Concise Biography, History & Facts About John Donne
Nationality - English
Lifespan - 1572-1631
Family - Father was Robert Donne an ironmonger
Education - Oxford and Cambridge
Career - Poet, essayist, attorney, courtier and minister
Famous Poems by John Donne
For whom the bell tolls - ( No man is an island ) - poem
The Flea - poem
Famous Quote by John Donne
"No man is an Island, entire of itself; every man is a piece of the Continent, a part of the main; if a clod be washed away by the sea, Europe is the less, as well as if a promontory were, as well as if a manor of thy friends or of thine own were; any man's death diminishes me, because I am involved in Mankind; And therefore never send to know for whom the bell tolls; It tolls for thee."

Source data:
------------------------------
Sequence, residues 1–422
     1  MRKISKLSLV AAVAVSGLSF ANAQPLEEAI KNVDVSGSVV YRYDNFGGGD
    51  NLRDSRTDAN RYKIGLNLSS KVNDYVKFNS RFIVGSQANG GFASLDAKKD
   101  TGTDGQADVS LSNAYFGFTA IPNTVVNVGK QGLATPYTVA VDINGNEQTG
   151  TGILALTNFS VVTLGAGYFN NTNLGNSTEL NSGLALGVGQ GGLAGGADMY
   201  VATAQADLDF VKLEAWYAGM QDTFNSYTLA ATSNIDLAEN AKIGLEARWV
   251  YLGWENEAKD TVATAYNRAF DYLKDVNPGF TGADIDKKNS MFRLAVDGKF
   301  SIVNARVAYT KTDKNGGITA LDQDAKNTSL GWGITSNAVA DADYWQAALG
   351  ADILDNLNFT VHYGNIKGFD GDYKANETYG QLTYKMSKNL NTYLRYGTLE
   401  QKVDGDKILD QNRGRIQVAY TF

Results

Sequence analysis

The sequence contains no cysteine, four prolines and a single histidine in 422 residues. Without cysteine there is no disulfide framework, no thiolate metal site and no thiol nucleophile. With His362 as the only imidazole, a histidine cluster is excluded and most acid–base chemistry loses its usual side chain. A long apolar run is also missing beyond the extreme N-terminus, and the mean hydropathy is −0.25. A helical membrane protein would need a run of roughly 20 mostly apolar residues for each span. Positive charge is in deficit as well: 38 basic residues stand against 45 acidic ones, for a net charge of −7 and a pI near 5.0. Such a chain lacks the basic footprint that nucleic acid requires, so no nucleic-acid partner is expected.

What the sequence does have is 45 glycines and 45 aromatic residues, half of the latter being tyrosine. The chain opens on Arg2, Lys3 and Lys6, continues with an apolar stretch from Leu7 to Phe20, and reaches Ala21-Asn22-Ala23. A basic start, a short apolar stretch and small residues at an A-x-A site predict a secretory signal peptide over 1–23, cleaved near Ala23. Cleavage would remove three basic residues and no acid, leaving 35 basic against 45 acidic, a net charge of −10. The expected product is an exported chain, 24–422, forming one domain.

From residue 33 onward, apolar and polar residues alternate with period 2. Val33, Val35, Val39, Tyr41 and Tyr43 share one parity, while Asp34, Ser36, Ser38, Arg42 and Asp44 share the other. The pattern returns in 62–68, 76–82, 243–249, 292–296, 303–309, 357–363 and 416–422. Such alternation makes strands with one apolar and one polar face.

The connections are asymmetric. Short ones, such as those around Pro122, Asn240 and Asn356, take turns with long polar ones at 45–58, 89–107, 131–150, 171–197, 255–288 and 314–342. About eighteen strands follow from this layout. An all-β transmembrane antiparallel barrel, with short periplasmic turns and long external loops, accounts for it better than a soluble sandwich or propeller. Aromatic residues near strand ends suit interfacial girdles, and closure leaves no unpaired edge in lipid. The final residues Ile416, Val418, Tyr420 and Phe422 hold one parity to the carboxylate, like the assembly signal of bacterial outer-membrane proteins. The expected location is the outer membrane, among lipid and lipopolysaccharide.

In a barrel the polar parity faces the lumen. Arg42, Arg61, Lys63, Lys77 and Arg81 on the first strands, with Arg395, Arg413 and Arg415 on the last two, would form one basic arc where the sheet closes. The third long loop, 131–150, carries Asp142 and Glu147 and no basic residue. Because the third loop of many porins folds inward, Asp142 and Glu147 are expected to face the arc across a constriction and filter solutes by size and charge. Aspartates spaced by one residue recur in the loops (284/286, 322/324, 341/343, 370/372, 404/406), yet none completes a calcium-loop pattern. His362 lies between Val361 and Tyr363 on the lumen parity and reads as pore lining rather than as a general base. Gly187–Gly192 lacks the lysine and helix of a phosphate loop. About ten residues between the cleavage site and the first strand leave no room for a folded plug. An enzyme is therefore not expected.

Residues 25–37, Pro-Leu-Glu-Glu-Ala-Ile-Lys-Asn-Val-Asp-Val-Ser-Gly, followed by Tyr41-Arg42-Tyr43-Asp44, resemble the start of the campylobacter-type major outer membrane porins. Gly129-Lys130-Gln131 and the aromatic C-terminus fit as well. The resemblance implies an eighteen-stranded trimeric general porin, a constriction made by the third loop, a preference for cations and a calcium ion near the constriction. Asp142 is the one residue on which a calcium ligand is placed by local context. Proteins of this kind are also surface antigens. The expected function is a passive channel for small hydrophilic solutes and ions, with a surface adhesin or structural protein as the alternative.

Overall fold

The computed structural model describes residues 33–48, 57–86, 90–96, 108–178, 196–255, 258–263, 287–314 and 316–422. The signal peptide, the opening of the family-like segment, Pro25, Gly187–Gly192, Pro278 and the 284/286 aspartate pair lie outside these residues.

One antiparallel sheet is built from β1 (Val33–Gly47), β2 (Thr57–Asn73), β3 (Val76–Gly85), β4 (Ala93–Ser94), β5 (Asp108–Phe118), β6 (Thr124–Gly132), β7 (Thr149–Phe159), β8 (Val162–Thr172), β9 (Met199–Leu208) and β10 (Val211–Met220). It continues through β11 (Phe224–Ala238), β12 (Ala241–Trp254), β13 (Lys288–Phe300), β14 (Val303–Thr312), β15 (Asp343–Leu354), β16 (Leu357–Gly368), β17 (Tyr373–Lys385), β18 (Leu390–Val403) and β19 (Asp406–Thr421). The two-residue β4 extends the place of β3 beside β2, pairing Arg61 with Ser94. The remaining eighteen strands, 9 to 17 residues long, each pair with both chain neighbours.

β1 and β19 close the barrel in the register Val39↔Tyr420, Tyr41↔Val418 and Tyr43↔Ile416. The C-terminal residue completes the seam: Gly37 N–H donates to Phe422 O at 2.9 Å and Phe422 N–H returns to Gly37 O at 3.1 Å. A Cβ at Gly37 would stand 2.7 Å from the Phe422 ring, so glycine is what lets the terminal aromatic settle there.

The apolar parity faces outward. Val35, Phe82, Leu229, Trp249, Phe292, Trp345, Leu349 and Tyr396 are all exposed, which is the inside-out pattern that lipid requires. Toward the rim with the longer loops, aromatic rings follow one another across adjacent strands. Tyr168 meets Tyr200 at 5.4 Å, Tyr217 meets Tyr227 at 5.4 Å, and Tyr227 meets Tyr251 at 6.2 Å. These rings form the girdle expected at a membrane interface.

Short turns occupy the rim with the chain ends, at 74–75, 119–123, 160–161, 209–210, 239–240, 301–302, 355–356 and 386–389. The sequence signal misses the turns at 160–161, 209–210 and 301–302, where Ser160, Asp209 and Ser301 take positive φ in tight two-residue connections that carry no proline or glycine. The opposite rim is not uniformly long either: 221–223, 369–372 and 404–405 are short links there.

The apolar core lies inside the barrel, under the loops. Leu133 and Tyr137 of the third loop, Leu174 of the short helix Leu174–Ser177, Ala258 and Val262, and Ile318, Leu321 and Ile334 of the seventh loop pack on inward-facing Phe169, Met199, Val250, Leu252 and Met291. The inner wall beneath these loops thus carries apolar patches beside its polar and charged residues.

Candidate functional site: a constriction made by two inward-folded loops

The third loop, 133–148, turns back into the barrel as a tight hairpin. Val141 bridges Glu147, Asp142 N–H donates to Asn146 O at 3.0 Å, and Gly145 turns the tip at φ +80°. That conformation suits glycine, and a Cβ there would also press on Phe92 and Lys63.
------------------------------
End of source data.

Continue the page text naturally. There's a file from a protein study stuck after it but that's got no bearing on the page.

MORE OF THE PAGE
John Donne, Meditation XVII
Additional Biography details
John Donne was famous not only for his poems but also for his sonnets and songs. He is described as the first and greatest of the metaphysical poets. The man was extremely ambitious and when he was told that his entrance into court circles was totally dependent on his being ordained and becoming a minister he agreed and this became his route into the Royal Court, for some time he was probably the most influential preacher in England, as in 1621, having been ordained for five years, he became the dean of St. Paul's Cathedral.